Are Reports of FANGORIA’s Demise (Greatly) Exaggerated?

[Featured Image courtesy Fangoria Facebook page @Fangoria]

 

Just like Peter Parker, I have a superpower. Spider-Man/Peter Parker’s way cool “Spidey Sense” alerts him to danger; my “magazine sense” tells me “hey, it’s about time for a new issue of National Geographic History to show up in the mailbox.”

Mag-Sense even works for newsstand titles like HorrorHound – or until recently, Fangoria. Since late 2016, however, the print edition of Fango has been noticeable by its absence. After months of silence, information has begun to emerge regarding Fangoria‘s status and future. But it may not be what many horror fans want to hear.

On February 11, 2017, the last (?) Fangoria Editor-in-Chief, Ken Hanley, sent out a series of tweets that cleared up a bit of the Mystery of the Missing Magazine. The gist of the thread – Hanley was no longer involved with Fangoria and included the following bombshell:

For those wondering: there will likely never be another issue of FANGORIA, especially in print, unless there’s new ownership.

After two days of speculation and memorials for Fangoria, an official statement was released on Fangoria.com on February 13. After acknowledging “the transition of media to a mostly digital phase,” and the resulting decline in advertising revenue for the print edition, President/Owner Tom DeFeo stated that the magazine would be working to “make good on any funds owed for magazines and/or articles written.” DeFeo then addressed, in rather general terms, Fangoria‘s future:

We’ll continue trying to conquer the uphill battle to restore our print issues that our fans urgently long for. Despite the current standstill of our print issues, our website and social media will function as normal.”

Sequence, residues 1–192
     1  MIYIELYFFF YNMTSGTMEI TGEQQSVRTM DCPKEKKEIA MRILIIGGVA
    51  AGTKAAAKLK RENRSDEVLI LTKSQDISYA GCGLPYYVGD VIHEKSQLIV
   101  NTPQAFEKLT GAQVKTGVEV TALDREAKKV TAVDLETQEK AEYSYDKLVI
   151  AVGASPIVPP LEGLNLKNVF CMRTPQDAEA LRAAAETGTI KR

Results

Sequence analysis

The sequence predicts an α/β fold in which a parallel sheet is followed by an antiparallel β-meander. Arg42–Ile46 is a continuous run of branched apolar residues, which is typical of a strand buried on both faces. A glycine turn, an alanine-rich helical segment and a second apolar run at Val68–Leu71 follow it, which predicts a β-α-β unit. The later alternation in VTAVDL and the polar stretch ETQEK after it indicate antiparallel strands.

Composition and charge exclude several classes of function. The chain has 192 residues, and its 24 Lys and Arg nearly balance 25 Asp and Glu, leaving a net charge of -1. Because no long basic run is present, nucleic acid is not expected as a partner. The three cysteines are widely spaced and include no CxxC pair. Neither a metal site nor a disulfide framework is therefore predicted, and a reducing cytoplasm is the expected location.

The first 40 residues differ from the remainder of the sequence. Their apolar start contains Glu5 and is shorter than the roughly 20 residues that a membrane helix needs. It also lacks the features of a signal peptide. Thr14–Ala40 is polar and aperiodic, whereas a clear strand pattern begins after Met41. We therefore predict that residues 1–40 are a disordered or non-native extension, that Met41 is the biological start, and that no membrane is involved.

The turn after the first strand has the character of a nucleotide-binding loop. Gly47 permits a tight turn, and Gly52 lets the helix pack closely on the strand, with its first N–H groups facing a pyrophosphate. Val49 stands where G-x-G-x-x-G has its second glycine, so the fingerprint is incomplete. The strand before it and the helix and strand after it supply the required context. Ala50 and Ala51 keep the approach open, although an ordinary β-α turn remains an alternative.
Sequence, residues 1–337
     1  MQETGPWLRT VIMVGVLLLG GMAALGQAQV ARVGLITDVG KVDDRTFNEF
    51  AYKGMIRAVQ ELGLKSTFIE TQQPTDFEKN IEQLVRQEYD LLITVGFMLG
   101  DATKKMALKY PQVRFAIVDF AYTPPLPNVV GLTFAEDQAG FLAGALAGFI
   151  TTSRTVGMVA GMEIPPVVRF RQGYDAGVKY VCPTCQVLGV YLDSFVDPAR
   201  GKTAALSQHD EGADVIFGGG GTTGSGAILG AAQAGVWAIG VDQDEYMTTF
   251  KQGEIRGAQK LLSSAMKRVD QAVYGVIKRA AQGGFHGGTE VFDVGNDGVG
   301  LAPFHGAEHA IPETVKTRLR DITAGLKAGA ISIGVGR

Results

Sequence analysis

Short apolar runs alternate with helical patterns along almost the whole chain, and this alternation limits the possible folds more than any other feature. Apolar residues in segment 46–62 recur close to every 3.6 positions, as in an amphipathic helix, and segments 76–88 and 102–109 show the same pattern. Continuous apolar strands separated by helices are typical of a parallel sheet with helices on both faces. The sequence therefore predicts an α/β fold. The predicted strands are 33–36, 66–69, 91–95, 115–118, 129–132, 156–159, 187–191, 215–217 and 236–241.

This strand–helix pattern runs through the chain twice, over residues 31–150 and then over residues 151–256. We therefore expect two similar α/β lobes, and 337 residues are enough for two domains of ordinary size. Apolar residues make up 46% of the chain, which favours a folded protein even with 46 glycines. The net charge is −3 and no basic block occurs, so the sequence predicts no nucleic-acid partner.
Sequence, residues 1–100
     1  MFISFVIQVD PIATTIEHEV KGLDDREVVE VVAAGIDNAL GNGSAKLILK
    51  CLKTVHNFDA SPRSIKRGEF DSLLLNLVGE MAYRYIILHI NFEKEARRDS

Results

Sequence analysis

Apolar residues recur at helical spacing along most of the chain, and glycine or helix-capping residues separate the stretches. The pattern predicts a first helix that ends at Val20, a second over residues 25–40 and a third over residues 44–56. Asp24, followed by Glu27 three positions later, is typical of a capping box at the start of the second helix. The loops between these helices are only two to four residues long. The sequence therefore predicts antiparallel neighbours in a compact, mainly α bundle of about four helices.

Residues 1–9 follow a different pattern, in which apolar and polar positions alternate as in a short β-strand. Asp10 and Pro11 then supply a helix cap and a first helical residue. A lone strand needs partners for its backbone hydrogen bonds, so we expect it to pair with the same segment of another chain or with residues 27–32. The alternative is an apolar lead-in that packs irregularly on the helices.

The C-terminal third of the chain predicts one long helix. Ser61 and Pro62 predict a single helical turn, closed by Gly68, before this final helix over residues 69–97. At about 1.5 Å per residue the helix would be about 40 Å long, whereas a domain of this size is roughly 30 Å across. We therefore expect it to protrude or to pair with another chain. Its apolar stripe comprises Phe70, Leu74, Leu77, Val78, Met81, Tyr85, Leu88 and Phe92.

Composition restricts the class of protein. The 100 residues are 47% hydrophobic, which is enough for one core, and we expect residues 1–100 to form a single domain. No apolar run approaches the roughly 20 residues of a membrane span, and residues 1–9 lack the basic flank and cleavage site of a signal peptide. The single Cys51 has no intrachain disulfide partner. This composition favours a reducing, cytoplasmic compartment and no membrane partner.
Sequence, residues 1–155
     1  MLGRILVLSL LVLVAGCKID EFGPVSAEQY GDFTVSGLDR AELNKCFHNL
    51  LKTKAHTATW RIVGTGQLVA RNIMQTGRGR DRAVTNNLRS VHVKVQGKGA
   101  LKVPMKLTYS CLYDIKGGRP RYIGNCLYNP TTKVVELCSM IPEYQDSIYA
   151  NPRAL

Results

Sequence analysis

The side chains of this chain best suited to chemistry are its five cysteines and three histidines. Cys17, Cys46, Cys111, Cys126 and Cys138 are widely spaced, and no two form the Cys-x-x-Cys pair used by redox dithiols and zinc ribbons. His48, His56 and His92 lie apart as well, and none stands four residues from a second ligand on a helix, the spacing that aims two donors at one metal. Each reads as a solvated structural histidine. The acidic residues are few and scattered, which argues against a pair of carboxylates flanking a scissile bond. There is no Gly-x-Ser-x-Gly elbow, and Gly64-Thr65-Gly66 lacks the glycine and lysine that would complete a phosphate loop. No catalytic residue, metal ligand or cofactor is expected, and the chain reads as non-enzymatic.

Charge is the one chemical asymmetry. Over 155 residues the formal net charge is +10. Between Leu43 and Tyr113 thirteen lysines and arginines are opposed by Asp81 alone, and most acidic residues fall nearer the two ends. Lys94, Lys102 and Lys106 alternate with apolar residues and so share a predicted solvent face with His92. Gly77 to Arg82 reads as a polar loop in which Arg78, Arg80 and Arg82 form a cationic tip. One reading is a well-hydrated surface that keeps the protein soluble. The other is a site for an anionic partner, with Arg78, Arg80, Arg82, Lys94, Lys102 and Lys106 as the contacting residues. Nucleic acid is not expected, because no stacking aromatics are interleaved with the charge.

Writing at BloodyDisgusting.com after Ken Hanley’s comments surfaced on Twitter, John Squires makes a good point about the difficult path for print media in the digital age. “When you can get horror news the instant it breaks … there’s just not that much incentive to drop nearly $10 on a magazine.” And Squires is right to note that “in-depth analysis” is also available online.

As a reader, I find that the amount of choice available online results in a case of “choice overload.” If you’ve read Future Shock by Alvin Toffler you know the feeling. With are so many options available, it’s almost easier choosing not to decide. As a horror fan following a crowded and ever-changing genre, spending my money on print publications like Horror Hound or Fangoria saves me time (and money spent on subpar books, movies, and television).

Magazines also don’t care if you drop them, spill soda all over them, or drop them on the floor (my NOOK doesn’t take that last one very well). For that reason along, I join my uncoordinated klutzy brethren hoping Fangoria returns to newsstands.

 

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